When is it OK to scold kids who aren’t yours?
I was sitting in a pew at confirmation orientation for my daughter (who was on the other side of the church) when three teen-age girls behind me began talking. It wasn’t a stray comment or two. It was constant and it was loud.
Between their chatter and laughing, I couldn’t hear the priest say how impressed he was with everyone’s behavior. I considered turning around and telling them to be quiet, or motioning them to join me in the vestibule for a dress down.
But I chickened out. You know how mean girls can be. I knew they were by themselves – no mom would tolerate their behavior – but I was unsure what, if any, role I had. Did I have an obligation to tell them to be quiet and respectful in a house of worship? Or was understanding and keeping my mouth shut part of being a good Christian?
Instead of focusing on the Mass, I was wracked with indecision. My shoulders stiffened a few times and I nearly turned and then . . . nothing. I decided to keep quiet. But I was thrilled when the Smart Mom in front of me calmly turned around and gave them a look that said, “Are you serious? Shaddup already.”
I forgot about the Mom Stare. With a turn of the head and narrowing of the eyes, it conveyed the message. After the MS, the girls stopped talking – for about two minutes. When they started up again, Smart Mom calmly turned her head again. Genius.
The thing about teen-age girls is the things they find funny are idiotic by anyone else’s standards. You try to be patient and remember you were once their age and then boom – something pushes you to the brink. In this case, it was one of the girls walking backwards on her way back from communion.
A friend said it was just as loud in her corner of the church, but noted, “Look at the bright side. At least they’re here.”
True. It’s not all their fault. Somebody dropped the ball. It’s up to parents to tell kids it’s not OK to talk in theaters, scream in stores, climb on restaurant tables, talk in houses of worship, fool around in class, scroll I-Phones in class and argue with coaches.
I took 6-year-old twin boys (long story) on a Target run last week. Though adorable, they were screaming in the store. It didn’t take long for customers to give me the “shut those kids up” dirty look. Keep in mind that my daughter hated shopping as a young child and I stayed home for nearly five years rather than inflict her screaming on other shoppers. Yes, I’m that considerate.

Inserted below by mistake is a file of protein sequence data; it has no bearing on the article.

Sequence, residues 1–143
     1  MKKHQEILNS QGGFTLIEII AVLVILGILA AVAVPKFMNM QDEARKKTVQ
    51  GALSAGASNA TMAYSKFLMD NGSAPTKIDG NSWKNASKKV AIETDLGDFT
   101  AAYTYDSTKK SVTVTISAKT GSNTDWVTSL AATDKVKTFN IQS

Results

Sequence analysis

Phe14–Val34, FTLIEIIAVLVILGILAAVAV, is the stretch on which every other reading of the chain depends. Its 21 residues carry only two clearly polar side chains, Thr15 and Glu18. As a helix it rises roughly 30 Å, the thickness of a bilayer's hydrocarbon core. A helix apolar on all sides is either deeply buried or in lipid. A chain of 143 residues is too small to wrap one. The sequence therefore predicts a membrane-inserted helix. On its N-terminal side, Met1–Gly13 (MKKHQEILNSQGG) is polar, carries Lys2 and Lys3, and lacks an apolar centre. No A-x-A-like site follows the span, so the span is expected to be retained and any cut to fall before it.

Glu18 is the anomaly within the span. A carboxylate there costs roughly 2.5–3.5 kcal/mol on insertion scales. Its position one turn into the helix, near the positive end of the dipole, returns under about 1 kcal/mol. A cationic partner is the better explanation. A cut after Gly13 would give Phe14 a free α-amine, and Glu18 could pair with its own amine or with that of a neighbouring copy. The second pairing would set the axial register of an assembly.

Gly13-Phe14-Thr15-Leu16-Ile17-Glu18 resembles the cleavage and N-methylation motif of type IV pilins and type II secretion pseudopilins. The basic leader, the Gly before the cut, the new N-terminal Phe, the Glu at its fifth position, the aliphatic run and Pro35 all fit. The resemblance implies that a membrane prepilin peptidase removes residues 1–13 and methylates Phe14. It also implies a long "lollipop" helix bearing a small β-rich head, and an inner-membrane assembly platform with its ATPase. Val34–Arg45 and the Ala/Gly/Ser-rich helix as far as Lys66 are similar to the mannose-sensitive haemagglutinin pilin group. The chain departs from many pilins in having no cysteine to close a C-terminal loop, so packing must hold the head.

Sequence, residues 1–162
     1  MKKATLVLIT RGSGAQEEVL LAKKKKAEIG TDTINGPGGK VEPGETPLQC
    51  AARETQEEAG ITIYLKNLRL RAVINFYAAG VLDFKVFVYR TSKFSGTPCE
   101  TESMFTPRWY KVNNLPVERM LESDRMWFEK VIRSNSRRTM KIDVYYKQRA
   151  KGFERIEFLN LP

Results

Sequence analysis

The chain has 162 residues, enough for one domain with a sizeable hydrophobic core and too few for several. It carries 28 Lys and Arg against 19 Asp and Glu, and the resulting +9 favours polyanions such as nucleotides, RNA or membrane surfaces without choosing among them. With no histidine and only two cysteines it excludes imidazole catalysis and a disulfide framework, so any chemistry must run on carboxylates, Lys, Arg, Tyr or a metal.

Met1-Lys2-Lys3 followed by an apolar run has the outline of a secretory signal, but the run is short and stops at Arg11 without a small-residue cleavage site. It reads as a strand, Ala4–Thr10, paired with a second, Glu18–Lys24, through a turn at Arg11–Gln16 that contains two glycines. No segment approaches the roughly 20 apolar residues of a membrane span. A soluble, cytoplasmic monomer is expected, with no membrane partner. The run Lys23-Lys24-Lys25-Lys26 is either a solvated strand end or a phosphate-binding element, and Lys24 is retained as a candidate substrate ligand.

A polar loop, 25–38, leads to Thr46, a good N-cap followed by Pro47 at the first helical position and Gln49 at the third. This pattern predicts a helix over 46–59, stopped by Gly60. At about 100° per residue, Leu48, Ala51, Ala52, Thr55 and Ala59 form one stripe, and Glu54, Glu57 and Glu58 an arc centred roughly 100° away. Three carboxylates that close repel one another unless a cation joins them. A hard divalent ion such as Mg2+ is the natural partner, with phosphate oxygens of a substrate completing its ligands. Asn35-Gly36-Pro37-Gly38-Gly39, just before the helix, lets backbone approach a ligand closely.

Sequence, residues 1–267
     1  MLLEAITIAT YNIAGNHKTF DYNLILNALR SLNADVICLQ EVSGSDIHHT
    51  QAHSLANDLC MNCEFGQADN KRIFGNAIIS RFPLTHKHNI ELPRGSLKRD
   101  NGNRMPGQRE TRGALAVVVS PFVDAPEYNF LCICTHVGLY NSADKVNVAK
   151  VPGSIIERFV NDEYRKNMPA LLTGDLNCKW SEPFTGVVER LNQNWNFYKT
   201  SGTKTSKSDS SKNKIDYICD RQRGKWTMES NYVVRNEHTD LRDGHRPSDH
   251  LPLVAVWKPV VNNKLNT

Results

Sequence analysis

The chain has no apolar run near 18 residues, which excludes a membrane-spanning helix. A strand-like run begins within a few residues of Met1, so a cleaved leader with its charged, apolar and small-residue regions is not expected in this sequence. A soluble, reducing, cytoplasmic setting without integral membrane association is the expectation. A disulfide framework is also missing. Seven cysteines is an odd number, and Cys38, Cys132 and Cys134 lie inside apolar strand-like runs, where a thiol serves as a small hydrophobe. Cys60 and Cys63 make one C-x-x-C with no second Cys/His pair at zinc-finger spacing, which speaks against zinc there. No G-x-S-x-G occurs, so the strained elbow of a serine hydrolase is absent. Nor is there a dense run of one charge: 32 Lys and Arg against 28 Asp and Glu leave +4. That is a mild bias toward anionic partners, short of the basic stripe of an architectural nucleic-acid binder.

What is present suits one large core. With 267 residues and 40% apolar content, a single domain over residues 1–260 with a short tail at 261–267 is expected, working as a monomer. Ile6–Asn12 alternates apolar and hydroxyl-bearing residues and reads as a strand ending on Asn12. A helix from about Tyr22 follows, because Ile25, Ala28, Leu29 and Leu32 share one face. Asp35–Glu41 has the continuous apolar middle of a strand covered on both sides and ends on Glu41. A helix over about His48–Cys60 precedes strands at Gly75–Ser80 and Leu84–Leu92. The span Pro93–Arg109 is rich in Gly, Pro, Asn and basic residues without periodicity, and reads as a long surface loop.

Faced with stereo screaming, I immediately found myself quoting Barney: “Let’s use our indoor voices!” Somewhere in the recesses of my brain was the purple dinosaur that my daughter loved so much. Say what you will about Barney, but he teaches the basics: Keep your voice down inside. Clean up after yourself. Please and thank you are the magic words.
When I was growing up, you didn’t challenge adults. My mother didn’t yell, but my father screamed so loudly you could hear him in the front yard. No, make that the street. Let’s just say you didn’t want to annoy him. As my nephew once said, “That’s one scary dude.”
I don’t think a lot of kids respect adults today. I’m shocked by some of the things that come out of my kids’ mouths. I’ve done my best to discipline them and command respect, but I get some pretty horrendous back talk. So do other authority figures. When my son called a serve out in a recent college tennis match, his opponent began throwing F-bombs at him and his coach.
The coach marched up to to the kid and said, “Who do you think you’re talking to? I played for a top 10 college team. I could beat all of you with my left hand.” I understand his rage. As a coach, you expect some respect.
Kids need authority figures to set them straight. We had to tell our college kid that online gambling isn’t a good idea, nor is sleeping in the dorm hallway when you stumble back at 5 a.m. We had to tell my daughter that it’s not OK to watch Netflix in study hall even if everyone else is doing it and the teacher doesn’t care.
A few weeks ago, I was playing golf with three guys when the twosome behind us drove a ball within two feet of us. We politely told them to cut it out. Two holes later, they almost hit us again. A guy in our foursome pulled out his best Dad voice, screaming “That’s twice now. Don’t let it happen again. This is completely unacceptable.”
We speculated that he was in the military, most likely the Marines, to have such a scary Dad voice. We decided to toe the line for the rest of the round, just to be on the safe side.